In the weeks leading up to my transition, I contacted to friends who I knew rode their bikes to work, and began to research cycling backpacks, panniers, and other commuting essentials. Like most other domains of my life, I was approaching this whole bike commuting endeavor with the attitude of “If I’m going to do this, I need to do it RIGHT.” We’ll save the discussion on whether or not that’s a healthy life strategy for another blog post 😉
Three weeks later and a few hundred dollars poorer, I was ready. I had my cross bike repaired after cracking the frame in my first (and last) cross race of last season and turned it into a bonafide commuter, complete with fenders, a rack, and an annoying little bell for even more annoying hipsters I might encounter along the way. I bought a pretty great chrome backpack for nice days when I would ride my road bike in. I ordered ortlieb panniers so one or two days a week I could pack it full of food and clothes for the other days, so I didn’t have to carry as much. And a college friend who designed an awesome new line of high-visibility bike lights called Orfos (http://www.orfos.bike) sent me a demo pair for me to try out, in anticipation of the dusk ride home. (Full review on those coming soon).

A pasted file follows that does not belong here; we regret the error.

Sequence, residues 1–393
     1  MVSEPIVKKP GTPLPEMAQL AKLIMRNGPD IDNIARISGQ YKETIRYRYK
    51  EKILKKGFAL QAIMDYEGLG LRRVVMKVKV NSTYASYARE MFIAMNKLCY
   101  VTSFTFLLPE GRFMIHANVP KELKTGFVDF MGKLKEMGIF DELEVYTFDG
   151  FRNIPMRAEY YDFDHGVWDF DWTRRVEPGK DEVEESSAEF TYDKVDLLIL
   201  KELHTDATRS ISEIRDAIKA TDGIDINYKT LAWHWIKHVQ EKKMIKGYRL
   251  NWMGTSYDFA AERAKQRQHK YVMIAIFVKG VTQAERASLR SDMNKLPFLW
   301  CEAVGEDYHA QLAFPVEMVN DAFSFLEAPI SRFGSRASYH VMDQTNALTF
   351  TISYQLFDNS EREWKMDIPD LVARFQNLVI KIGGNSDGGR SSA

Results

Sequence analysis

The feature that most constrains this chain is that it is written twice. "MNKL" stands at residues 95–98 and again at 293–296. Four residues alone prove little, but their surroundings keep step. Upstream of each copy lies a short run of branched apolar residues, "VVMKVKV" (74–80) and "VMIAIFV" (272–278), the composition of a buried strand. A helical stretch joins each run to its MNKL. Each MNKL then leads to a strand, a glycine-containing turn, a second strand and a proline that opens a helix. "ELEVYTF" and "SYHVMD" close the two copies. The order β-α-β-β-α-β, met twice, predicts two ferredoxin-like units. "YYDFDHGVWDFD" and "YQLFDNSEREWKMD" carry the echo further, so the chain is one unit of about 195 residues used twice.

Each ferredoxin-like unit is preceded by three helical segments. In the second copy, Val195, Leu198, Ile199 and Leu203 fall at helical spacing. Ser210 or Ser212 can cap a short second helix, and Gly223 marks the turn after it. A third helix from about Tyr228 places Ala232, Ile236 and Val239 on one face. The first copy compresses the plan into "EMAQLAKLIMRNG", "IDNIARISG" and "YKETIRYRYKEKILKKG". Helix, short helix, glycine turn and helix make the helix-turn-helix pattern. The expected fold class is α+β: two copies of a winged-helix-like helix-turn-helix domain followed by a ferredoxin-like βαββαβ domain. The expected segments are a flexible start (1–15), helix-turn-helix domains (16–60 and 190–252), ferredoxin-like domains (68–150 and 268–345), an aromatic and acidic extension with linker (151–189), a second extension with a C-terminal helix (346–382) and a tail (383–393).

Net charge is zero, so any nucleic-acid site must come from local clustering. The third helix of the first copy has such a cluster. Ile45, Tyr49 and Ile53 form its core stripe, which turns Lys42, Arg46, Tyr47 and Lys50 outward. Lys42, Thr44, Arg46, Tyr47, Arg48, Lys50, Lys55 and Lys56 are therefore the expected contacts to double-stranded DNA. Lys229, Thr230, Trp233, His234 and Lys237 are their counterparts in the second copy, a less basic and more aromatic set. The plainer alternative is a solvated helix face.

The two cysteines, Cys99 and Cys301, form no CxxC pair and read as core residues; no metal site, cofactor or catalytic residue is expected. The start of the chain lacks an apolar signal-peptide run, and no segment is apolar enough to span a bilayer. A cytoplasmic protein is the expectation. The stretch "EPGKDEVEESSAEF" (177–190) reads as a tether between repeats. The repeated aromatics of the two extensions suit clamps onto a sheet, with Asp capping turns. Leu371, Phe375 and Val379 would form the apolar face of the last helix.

I was all in, and strangely excited to step into this new world. In a way, it felt similar to those biologists who dedicate themselves to observing the habits of some elusive species, following them, learning about their dynamics and behavior, and then somehow, at some point, the researcher finds himself feeling at home in their world. But I didn’t feel at all at home stepping into my new found role of “bike commuter”. Despite the thousands of miles I’ve ridden, this was foreign. I was out of my element. You might point out that the bike is paramount to both bike racers and bike commuters. And yet in spite of this shared mode of locomotion, there are fundamental differences between these two species, an assertion I feel confident most racers and commuters would support.